free html hit counter

Monday, March 27, 2006

Backblog 1: In which Ryan rants about cellphones

Over the past six months or so, I've started several blog posts, but lacked the time and/or inclination to finish them right then, so I just saved them as drafts to finish later. This week is later. This post was originally begun on Sept. 25, 2005.

I've had a snazzy, fancy, websurfing, picture-taking cellphone for a while now. You know what? I make calls on it. That's pretty much all. And since my wristwatch broke, I've been using it as a really expensive, complicated pocketwatch. Whee.

I've play Tetris on it some. It had never before occurred to me that anyone could screw up a version of Tetris, yet frustratingly, my 2005 cellphone can't do Tetris as well as my 1987 Game Boy.

Early on, I took some pictures with it. I guess they're probably ok. I'll likely never know, though, since I'd need either the $10/month photo sending service package or the $40 special USB cable kit to get them off.

I've got some cool ideas for utilities and apps I'd like to have on my phone, too, but good luck getting them there. Cellphones are not particularly hacker-friendly (that's "hacker" in the original, non-pejorative use of the word) in the way that computers are, since you can only get software on most of them my uploading and distributing it through the phone company's service.

And that really hits at the heart of what I want: I want a cellphone that's truly on my side. One that works exclusively for me instead of feeling like a double-agent for the phone company riding around in my pants.

If my cellphone hardware supports Bluetooth, then I don't want my service provider to disable it for their own purposes. If my cellphone has a USB connector, I don't want my service provider to opt for an over-priced proprietary connector to protect their bandwidth distribution. If my cellphone can play MP3s, I should be able to load up my own audio files as ringtones, instead of being forced to overpay for the official ringtones because of artificial barriers. If I know how to code apps for my phone, it should be easy for me to load and run them.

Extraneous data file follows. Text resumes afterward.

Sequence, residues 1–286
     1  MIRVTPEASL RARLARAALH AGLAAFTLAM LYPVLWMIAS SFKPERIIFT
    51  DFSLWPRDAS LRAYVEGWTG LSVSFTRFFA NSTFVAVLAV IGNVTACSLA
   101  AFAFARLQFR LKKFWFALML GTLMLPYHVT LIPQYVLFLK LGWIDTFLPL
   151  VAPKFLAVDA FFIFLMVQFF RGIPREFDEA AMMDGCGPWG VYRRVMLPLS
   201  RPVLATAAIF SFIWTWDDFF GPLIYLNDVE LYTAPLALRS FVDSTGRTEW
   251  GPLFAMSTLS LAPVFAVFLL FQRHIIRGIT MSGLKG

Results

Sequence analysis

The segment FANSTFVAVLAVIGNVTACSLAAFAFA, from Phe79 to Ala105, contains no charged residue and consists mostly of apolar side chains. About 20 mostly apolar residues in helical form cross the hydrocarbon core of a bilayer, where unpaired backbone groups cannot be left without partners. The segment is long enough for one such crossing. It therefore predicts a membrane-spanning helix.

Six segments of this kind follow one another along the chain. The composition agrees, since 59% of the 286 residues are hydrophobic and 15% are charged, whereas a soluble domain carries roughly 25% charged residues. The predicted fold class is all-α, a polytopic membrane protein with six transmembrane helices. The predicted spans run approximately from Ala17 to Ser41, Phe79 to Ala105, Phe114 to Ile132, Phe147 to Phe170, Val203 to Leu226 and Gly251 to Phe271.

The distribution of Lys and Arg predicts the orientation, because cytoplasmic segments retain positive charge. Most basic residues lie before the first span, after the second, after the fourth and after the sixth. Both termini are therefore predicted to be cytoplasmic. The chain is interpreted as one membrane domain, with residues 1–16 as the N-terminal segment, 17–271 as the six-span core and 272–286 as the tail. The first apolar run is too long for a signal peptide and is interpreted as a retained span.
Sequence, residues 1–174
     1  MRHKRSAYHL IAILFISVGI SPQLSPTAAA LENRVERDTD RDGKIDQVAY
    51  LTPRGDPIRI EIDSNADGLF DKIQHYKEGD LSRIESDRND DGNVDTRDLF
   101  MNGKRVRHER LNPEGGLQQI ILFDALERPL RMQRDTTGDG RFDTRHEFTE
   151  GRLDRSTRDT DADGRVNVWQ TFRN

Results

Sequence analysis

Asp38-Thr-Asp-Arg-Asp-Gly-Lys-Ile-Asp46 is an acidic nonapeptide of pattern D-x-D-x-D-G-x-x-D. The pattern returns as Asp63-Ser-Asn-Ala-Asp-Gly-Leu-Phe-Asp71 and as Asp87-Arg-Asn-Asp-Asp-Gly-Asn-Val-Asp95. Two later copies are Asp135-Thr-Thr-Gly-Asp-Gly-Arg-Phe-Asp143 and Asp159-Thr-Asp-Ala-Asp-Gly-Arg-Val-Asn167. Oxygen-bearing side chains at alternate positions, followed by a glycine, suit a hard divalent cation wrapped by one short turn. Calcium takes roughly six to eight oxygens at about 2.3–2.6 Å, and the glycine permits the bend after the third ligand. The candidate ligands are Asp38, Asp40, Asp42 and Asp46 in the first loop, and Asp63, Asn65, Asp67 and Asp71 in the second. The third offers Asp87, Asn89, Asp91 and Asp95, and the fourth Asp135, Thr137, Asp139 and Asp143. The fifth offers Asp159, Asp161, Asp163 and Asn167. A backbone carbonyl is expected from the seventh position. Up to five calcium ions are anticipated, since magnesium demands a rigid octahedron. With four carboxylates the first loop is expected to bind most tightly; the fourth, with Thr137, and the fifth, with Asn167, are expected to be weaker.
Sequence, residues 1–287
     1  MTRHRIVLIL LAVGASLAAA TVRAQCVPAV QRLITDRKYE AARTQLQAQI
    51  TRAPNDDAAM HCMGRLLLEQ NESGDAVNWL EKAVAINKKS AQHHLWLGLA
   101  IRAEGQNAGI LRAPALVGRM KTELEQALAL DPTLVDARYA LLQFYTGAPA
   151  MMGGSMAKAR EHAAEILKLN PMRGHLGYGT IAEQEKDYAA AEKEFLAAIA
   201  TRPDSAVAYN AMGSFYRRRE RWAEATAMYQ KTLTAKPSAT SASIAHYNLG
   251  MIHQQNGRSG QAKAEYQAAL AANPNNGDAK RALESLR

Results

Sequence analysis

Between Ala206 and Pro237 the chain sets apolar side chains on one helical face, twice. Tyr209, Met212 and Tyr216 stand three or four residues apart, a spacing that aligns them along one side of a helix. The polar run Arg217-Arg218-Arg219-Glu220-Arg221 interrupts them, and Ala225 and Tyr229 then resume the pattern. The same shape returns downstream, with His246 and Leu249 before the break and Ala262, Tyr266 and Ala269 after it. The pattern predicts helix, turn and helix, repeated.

I want a hackable cellphone. A phone that has an OS that allows me to modify its behavior (within the bounds of the law, of course) to meet my own needs, either through code or scripting. For example, if I have events scheduled in my phone's calendar, I want to be able have it automatically disable the ringer when they start. Maybe there are phones that do that, but mine sure doesn't.

Failing my ivory tower phone phantasies, I'll settle for a phone that is just that: a phone. Nothing more, nothing less. My wife still uses a Motorola StarTac, and except that the battery is beginning to die, it's still the greatest small cellphone ever. It doesn't have any special bells or whistles (heck, it barely has a phonebook by modern standards), but for clarity, reception, and ease of use, it is absolutely unparalleled.

Lately there is some hope that really good, simple, effective, inexpensive phones are making a comeback, at least in Europe. Now if we can just get them here.

And yes, I am aware of the contradiction that I'm wishing for a phone that will allow me to do more, while pining for one that does less (but does it really well). I'm also aware of the irony that for years geeks in the US have been bemoaning the lameness of our cellphones compared to those in Japan and Europe, and that we're finally starting to get access to more of the popular world-phones here just in time for the ultra-simple, barebones phone to become in vogue.


Post a Comment

Links to this post:

Create a Link

<< Home